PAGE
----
By Saket Suman
Book: Knot for Keeps: Writing The Modern Marriage; Edited by: Sathya Saran; Publisher: HarperCollins; Pages: 164; Price: Rs 299
There is a temple in Thiruvidanthai in Tamil Nadu where Hindu deity Vishnu is regarded as “Nithyakalyana Perumal”, or the Eternal bridegroom. The temple is the “ultimate failsafe” for Hindu Tamils seeking matrimony as people of all genders and ages participate in the ritual that is said to expedite the same.
Like her parents would have it, columnist and short story writer Sharanya Manivannan bought two garlands and passed them on to the priest at the sanctum sanctorum. One garland was offered to the Lord while the other one adored her neck. She was asked to circle the temple nine times. The garland on her neck was supposed to be “stored safely” at her home, and she would bring it back to the temple with her partner once their marriage would be solemnised.
The problem? It never happened. But she wanted to marry, “…despite cautionary tales, despite intelligence, despite defiance… You fall in love and don’t realise how unthinkably, how artlessly, you also fall in step with that trajectory, the idea that marriage follows love as hour follows hour,” Manivannan notes in her essay titled “Apportionments of Love”, published in a recent anthology of the modern marriage “Knot for Keeps”.
The book edited by Sathya Saran, who has previously authored bestselling biographies on Guru Dutt, S.D. Burman and Jagjit Singh, among other books, chronicles stories — of success and utter chaos — that revolve around the lives two people chose to live together — in marriage.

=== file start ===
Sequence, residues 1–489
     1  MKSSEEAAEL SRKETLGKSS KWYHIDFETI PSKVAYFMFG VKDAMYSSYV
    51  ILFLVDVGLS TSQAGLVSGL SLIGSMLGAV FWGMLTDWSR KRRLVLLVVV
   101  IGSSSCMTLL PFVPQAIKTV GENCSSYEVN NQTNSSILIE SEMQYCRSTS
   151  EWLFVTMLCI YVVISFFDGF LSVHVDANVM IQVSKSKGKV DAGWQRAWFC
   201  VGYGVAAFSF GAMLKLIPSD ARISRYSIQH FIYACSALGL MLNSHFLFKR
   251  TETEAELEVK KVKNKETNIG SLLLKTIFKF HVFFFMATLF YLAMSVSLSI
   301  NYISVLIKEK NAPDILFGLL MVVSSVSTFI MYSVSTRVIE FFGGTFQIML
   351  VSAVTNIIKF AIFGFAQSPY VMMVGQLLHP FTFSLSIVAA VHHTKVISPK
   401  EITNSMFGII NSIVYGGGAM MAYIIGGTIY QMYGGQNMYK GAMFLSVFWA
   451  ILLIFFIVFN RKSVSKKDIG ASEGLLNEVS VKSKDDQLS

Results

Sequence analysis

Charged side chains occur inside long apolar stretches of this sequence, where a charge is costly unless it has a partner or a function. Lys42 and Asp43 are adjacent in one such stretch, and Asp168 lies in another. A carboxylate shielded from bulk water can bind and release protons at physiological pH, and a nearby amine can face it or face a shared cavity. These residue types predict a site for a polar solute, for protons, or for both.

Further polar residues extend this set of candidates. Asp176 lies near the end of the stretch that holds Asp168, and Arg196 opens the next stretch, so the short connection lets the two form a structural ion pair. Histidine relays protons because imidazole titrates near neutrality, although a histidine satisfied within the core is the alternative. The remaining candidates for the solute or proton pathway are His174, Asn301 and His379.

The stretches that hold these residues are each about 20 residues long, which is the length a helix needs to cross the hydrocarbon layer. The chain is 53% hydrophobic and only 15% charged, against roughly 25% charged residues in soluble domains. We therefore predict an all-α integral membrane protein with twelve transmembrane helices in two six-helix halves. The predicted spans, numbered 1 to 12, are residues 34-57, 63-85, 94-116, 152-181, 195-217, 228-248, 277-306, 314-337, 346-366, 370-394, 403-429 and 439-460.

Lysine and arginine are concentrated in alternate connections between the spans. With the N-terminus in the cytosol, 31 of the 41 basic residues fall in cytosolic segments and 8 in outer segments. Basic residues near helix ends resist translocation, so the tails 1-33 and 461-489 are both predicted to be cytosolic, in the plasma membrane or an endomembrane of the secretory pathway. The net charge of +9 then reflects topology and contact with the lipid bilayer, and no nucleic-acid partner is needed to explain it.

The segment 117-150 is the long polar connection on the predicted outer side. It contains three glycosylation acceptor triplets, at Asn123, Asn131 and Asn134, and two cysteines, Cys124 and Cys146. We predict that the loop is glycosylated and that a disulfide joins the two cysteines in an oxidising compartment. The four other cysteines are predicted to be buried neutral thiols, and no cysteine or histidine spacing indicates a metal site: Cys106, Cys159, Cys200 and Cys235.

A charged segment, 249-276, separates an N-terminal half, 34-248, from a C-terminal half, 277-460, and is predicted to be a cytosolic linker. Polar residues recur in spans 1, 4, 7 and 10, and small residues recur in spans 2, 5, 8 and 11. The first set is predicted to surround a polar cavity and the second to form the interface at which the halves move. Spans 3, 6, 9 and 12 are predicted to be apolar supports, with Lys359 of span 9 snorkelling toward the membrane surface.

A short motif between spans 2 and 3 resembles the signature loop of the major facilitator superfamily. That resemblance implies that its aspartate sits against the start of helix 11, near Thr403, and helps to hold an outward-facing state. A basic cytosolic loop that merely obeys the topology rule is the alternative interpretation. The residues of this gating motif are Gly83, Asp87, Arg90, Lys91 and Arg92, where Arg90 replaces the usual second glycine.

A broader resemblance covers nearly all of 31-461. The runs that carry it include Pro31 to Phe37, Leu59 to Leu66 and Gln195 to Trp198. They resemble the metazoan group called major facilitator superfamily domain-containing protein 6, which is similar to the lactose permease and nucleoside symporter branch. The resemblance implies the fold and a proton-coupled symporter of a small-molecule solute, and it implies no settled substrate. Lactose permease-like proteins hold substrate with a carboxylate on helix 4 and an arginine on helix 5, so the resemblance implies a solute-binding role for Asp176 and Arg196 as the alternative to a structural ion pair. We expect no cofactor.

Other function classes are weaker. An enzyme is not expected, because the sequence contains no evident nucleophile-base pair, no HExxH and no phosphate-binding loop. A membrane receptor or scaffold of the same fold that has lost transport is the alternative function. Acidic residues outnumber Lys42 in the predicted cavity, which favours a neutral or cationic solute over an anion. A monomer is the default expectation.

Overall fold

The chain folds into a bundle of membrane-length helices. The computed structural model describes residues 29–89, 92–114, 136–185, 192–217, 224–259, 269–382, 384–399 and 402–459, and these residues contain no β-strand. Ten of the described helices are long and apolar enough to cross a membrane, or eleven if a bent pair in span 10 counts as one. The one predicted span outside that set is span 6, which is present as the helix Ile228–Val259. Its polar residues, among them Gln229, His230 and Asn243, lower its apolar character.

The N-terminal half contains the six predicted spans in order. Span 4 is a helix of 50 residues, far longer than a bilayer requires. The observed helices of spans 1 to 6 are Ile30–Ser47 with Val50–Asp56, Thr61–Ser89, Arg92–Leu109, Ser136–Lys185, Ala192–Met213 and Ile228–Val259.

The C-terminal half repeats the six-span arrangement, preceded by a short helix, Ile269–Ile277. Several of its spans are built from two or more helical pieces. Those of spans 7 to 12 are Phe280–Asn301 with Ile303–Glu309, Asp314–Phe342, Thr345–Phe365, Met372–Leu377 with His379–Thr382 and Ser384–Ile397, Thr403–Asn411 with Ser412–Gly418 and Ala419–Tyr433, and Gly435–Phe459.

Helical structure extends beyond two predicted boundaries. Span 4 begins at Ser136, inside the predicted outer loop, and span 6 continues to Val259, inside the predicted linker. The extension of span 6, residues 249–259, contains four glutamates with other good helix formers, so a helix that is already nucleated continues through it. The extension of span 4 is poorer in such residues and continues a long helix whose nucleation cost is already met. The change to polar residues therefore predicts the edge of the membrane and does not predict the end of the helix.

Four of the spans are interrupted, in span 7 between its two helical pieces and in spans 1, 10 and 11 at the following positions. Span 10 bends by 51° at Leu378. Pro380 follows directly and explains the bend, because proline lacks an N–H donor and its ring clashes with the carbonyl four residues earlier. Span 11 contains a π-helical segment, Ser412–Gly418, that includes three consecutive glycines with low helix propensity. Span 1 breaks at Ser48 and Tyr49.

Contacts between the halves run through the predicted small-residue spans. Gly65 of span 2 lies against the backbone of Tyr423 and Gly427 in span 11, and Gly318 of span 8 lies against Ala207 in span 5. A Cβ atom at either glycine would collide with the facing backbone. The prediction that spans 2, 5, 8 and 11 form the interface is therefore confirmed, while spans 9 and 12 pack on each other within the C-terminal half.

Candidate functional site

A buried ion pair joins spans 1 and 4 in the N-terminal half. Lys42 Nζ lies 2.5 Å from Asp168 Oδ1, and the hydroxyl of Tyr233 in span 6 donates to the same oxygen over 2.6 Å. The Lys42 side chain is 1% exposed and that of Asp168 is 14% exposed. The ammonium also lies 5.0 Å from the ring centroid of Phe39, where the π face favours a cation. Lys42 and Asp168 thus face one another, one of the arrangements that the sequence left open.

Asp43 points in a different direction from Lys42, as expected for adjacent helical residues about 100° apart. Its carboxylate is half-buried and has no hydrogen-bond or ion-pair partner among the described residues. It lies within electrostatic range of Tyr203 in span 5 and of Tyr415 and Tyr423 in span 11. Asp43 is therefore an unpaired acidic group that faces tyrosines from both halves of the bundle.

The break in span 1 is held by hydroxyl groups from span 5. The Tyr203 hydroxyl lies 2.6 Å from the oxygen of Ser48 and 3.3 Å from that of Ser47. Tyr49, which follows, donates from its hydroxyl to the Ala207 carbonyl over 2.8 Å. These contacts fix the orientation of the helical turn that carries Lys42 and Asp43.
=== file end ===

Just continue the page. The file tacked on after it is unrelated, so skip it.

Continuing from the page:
In well-assembled essays, it attempts to answer some pertinent questions: What holds two people together for life, sometimes across continents? What drives them apart even as they share their lives under the same roof? What makes marriage the only socially acceptable goal of a relationship? Are women, and men, preferring other options to marriage these days? Why are more and more marriages failing? Is it to do with changing social norms or individual expectations?
There are tough choices to be made if one wishes to tie the knots, and more often than not, couples in relationship tend to find marriage as their ultimate recourse. But marriage is only the beginning of a lifelong series of knowing one’s partner and then “adjusting” to him/her, the family and the societal norms, as Modhurima Sinha, points out in “The Thin Red Line”.
But sorting out the problems, getting on with life and calming oneself to think of the other’s point of view is the trick, or so had been the experience of Rita Mukherjee, who passed away in 2017.
She had been diagnosed with idiopathic interstitial pulmonary fibrosis (IIPF), a scarring of the lung tissue that causes an ever worsening shortness of breath and a progressive decline in lung function.
“But for some strange reason as we drove home in that silence…I wasn’t thinking of what lay ahead for me…Instead my mind went into rewind mode, trying to capture and hold close all the good times we’d had together over three decades,” she wrote describing marriage as “A Life Sentence,” also the title of her essay in the book.
Altogether, the book features 17 essays, or personal experiences, covering the good, bad and the ugly that arises in marriages and may make for a handy reading for those scared by the idea of marriage, or those looking for advise on how to put a troubled marriage back on track. The personal experiences of the respective writers keep the book moving single-handedly, although the offering could have done with a more insightful Introduction, than the one-and-a-half page text by the editor. (IANS)